Investors have responded to those kinds of numbers. They’ve poured $22 billion into small-cap mutual funds and ETFs this year. That’s on pace to set a record for inflows into small-cap funds for a single year.
But they’ve started to slow down. The Russell 2000 is down about 2 percent in the month of November so far. That’s while the larger-cap stocks have continued to make gains; since October 1st, the S&P 500 is up 4.5 percent, but the Russell 2000 is up just 1.3%.

Tuesday, November 12, 2013

Jobs From Another Angle

Last week’s relatively strong employment report from the Bureau of Labor Statistics prompted an economist named Bill McBride to wonder: Has America's job situation returned to pre-recession levels? And if not, when would it likely get there?

The short answer is: Sometime in the middle of 2014, payrolls should reach the same level they were prior to the recession. We’re still down 1.5 million jobs from where we were when the recession started in November 2007 – including a total of 976,000 private sector jobs. At current growth rates, we are about eight months away from making up that much ground.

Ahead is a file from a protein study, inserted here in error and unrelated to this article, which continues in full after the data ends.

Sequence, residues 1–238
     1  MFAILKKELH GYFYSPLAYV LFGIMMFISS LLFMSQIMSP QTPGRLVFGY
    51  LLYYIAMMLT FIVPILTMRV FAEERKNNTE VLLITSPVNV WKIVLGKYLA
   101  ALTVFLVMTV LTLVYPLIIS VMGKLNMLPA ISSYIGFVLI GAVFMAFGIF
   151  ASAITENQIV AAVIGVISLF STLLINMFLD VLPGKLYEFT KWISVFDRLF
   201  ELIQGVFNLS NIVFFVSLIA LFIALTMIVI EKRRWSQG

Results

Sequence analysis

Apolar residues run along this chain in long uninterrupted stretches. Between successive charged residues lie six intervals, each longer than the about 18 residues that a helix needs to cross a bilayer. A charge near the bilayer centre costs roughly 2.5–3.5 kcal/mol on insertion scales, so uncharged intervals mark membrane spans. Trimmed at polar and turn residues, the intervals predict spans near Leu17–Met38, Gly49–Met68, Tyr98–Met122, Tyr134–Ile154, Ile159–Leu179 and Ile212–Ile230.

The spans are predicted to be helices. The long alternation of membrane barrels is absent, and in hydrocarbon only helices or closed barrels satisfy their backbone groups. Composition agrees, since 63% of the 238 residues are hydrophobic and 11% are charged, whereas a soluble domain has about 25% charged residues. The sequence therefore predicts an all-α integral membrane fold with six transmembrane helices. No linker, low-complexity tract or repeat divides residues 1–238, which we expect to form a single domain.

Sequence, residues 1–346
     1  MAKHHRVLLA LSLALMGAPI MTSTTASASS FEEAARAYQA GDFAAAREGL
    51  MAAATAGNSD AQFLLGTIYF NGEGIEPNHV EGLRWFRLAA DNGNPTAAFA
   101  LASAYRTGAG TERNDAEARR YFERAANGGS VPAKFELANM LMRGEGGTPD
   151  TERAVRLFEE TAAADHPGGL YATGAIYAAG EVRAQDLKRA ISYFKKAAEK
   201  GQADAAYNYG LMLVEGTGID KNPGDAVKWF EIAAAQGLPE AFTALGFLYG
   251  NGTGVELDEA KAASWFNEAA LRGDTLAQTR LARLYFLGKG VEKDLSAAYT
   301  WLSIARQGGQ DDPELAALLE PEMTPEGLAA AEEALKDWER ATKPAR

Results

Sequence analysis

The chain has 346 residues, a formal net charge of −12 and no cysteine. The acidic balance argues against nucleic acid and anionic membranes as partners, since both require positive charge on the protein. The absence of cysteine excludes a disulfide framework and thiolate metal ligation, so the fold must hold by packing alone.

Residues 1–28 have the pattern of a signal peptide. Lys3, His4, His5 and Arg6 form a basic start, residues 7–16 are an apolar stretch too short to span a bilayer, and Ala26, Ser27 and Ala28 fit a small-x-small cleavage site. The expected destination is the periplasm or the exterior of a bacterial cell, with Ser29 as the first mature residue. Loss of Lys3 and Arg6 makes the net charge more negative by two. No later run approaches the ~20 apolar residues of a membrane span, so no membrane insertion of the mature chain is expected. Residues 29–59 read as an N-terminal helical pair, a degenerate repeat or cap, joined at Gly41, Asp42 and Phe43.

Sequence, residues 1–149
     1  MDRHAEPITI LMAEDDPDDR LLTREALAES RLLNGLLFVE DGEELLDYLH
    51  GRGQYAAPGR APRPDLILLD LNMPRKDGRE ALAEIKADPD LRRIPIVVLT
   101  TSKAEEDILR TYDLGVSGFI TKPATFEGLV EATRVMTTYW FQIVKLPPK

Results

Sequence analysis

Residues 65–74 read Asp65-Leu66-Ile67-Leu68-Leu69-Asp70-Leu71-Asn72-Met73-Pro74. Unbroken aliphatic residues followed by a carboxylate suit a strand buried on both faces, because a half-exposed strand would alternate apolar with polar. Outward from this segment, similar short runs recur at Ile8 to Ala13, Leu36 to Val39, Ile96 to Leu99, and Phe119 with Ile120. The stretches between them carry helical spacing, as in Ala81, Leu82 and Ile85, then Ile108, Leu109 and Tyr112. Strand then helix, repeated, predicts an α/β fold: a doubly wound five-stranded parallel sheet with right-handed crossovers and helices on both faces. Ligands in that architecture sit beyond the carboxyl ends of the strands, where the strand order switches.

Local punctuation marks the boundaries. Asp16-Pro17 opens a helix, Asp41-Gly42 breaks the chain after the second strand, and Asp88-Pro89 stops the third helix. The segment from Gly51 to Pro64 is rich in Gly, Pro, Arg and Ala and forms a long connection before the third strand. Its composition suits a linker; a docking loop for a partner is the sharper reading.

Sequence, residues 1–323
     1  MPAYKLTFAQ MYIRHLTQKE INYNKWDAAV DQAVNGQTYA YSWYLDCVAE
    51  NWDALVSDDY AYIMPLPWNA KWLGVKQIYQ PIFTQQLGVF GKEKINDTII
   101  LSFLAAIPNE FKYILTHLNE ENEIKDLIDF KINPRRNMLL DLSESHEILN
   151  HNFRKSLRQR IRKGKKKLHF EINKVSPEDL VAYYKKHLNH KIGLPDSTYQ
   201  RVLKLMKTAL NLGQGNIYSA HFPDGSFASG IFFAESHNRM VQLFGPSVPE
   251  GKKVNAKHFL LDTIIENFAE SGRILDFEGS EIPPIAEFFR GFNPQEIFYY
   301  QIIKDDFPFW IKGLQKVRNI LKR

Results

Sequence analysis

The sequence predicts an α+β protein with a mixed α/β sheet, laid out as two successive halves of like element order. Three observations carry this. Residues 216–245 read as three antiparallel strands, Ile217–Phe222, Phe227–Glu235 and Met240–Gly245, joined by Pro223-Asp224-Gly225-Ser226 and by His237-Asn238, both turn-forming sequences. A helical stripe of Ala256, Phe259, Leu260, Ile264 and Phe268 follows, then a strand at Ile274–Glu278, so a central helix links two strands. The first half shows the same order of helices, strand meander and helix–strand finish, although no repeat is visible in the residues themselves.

On the other hand, the population and workforce has been growing all that time, too. Even the previous level of jobs would leave us with an unemployment rate higher than we had before the recession. According to one estimate, returning us to pre-recession employment rates, at the current level of job growth, would take another five years.

Monday, November 11, 2013

Americans Love Their Cash